Fukushima Prefecture sadly saw the highest number of human casualties. My thoughts and prayers are with the residents and friends who reside in a location that was once one of my favorite places to visit and photograph. Up until 2011, Fukushima Prefecture was known at Tokyo’s food belt, but since 2011 and the Fukushima Daiichi Nuclear Power Plant Disaster and the exploding reactor spewing radioactive materials into the atmosphere and contaminating the region's fertile agricultural soil, this is no longer plausible. Regrettably, Tokyo and neighboring prefectures were also contaminated, but the Sea of Japan and residents just 100km away in Niigata Prefecture had approximately 90% or less radioactive contamination than Tokyo due to Alpine Mountain ranges bordering Niigata and Fukushima which acts as a natural barrier-wall between Fukushima and The Sea Of Japan side of Japan. Actually, Niigata and The Sea Of Japan side of Japan has less contamination in the ocean waters than in the Pacific Ocean side of Canada and the USA.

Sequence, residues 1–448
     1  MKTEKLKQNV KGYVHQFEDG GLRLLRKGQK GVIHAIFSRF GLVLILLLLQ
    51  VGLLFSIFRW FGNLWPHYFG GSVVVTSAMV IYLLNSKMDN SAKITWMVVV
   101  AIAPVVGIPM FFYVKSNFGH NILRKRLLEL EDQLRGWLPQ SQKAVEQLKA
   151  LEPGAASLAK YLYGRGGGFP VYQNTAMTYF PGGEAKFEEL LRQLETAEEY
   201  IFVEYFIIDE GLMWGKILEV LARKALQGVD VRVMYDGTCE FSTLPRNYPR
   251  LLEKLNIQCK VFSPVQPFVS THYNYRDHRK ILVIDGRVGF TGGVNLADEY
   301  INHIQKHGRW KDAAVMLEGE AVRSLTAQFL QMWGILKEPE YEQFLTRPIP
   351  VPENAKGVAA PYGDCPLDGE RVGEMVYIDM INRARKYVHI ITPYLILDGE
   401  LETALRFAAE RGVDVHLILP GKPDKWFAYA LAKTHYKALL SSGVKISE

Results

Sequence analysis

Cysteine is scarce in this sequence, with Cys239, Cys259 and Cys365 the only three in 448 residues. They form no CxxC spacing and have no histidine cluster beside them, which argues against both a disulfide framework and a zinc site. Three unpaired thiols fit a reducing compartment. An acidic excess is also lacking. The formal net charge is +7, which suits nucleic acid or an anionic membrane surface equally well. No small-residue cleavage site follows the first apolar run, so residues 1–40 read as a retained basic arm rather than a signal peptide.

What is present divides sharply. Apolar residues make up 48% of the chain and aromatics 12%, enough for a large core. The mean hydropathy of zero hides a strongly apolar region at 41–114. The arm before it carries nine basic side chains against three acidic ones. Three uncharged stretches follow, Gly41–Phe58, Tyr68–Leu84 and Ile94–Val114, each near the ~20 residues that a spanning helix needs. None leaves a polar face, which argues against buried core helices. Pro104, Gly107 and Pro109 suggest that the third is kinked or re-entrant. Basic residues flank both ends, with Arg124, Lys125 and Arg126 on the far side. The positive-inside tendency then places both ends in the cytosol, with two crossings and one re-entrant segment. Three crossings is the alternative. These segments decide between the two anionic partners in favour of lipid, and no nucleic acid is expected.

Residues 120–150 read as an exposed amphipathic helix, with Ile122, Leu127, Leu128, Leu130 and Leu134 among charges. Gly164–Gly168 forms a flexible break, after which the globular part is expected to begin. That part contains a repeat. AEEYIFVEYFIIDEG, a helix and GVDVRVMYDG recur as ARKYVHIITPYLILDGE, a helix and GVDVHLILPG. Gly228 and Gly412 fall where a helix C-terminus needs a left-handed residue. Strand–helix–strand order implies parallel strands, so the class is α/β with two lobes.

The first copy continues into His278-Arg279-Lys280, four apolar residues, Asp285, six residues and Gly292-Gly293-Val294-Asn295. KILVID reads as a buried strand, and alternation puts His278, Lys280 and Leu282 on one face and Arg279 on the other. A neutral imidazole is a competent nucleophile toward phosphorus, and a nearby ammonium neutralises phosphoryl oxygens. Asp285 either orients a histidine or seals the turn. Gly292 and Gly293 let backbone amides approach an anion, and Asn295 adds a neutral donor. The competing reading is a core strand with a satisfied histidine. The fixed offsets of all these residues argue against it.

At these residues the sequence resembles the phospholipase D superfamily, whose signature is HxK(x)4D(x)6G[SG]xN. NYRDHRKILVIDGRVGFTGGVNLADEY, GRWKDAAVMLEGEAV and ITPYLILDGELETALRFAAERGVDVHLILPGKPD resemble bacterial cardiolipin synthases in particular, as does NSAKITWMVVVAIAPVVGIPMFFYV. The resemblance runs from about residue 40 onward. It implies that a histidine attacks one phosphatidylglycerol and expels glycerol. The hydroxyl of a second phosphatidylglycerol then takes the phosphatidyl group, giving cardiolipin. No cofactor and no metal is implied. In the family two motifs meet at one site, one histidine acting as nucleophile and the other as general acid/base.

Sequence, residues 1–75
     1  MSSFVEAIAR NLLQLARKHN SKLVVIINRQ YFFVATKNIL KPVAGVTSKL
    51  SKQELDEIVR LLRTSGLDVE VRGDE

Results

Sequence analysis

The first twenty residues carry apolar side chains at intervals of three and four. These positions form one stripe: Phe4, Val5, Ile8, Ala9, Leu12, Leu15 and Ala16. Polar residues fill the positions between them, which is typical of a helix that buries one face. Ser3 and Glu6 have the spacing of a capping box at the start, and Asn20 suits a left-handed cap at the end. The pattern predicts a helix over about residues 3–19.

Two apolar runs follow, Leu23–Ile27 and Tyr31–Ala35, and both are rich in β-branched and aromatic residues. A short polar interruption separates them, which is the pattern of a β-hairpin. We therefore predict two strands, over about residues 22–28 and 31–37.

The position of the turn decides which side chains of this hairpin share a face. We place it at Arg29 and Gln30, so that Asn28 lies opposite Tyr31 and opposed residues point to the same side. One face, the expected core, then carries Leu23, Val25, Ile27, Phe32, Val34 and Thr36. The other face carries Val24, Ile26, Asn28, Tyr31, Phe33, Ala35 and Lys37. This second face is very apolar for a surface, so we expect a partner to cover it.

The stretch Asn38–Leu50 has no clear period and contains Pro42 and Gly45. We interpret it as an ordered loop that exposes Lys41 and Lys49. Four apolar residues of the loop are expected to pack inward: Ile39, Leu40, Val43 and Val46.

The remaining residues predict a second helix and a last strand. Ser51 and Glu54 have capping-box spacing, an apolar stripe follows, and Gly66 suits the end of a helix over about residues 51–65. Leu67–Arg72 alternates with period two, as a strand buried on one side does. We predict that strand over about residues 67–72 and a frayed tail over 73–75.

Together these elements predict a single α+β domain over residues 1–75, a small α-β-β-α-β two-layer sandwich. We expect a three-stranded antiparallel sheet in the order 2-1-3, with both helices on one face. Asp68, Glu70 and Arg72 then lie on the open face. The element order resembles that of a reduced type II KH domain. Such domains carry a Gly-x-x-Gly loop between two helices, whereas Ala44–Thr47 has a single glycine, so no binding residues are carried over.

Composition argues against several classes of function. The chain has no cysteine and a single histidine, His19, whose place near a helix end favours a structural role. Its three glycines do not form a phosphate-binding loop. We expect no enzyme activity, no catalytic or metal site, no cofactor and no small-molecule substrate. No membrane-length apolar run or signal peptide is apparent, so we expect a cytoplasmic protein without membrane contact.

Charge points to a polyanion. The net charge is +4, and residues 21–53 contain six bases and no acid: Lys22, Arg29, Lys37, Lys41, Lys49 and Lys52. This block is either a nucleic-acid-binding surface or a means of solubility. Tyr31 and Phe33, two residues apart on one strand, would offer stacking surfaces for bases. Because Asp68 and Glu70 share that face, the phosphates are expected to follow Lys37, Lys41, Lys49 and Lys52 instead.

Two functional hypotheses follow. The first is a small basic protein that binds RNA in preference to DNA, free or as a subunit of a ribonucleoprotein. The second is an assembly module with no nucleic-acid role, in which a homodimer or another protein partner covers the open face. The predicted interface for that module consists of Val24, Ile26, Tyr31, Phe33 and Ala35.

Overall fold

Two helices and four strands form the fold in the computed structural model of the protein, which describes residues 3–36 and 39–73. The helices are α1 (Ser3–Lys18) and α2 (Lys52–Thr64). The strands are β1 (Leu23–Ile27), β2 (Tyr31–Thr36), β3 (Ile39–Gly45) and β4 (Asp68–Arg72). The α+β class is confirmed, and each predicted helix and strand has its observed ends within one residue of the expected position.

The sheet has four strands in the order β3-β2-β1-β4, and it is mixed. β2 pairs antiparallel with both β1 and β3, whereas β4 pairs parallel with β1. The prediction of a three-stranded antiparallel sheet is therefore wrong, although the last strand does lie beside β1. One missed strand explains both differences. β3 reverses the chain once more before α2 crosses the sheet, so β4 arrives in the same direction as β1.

Super Typhoon Hagibis hit Fukushima hard, and the 150 km/hour plus winds with gusts over 200 km/hour tore across the small town of Tamura where many 1-cubic meter sized one-ton bags used to collect greenery after the 2011 earthquake and tsunami were stored. We are just now learning that a multitude of these storage bags containing highly Nuclear-contaminated soil and greenery have been washed into river systems, and bags stored along the Pacific coastline were washed into the Pacific Ocean, hampering cleanup efforts and workers safety as far away as neighboring prefectures. The Sea Of Japan has been excluded from this fallout due to its natural alpine barrier. Always being aware of my surroundings and safety, this is where I have set up another home and satellite office. Moreover, my family lives here for about eight months of the year. I moved my family several years ago due to my concerns over food safety in the Kanto Region and other environmental issues where I still have my main home and studio.